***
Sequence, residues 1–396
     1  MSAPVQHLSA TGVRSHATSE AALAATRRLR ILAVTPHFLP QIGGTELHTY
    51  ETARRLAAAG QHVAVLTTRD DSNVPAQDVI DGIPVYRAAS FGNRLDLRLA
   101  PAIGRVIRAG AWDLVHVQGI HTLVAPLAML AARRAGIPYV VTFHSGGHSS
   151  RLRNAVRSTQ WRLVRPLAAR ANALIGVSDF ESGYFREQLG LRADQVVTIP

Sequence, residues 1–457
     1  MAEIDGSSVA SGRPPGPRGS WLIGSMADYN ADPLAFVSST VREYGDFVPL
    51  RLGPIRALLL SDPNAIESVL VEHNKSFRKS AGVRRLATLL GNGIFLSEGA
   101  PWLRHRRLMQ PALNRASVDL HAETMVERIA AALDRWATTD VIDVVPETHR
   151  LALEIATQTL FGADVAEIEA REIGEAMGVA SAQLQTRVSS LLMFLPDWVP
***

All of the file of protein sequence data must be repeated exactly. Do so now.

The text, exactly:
Sequence, residues 1–396
     1  MSAPVQHLSA TGVRSHATSE AALAATRRLR ILAVTPHFLP QIGGTELHTY
    51  ETARRLAAAG QHVAVLTTRD DSNVPAQDVI DGIPVYRAAS FGNRLDLRLA
   101  PAIGRVIRAG AWDLVHVQGI HTLVAPLAML AARRAGIPYV VTFHSGGHSS
   151  RLRNAVRSTQ WRLVRPLAAR ANALIGVSDF ESGYFREQLG LRADQVVTIP

Sequence, residues 1–457
     1  MAEIDGSSVA SGRPPGPRGS WLIGSMADYN ADPLAFVSST VREYGDFVPL
    51  RLGPIRALLL SDPNAIESVL VEHNKSFRKS AGVRRLATLL GNGIFLSEGA
   101  PWLRHRRLMQ PALNRASVDL HAETMVERIA AALDRWATTD VIDVVPETHR
   151  LALEIATQTL FGADVAEIEA REIGEAMGVA SAQLQTRVSS LLMFLPDWVP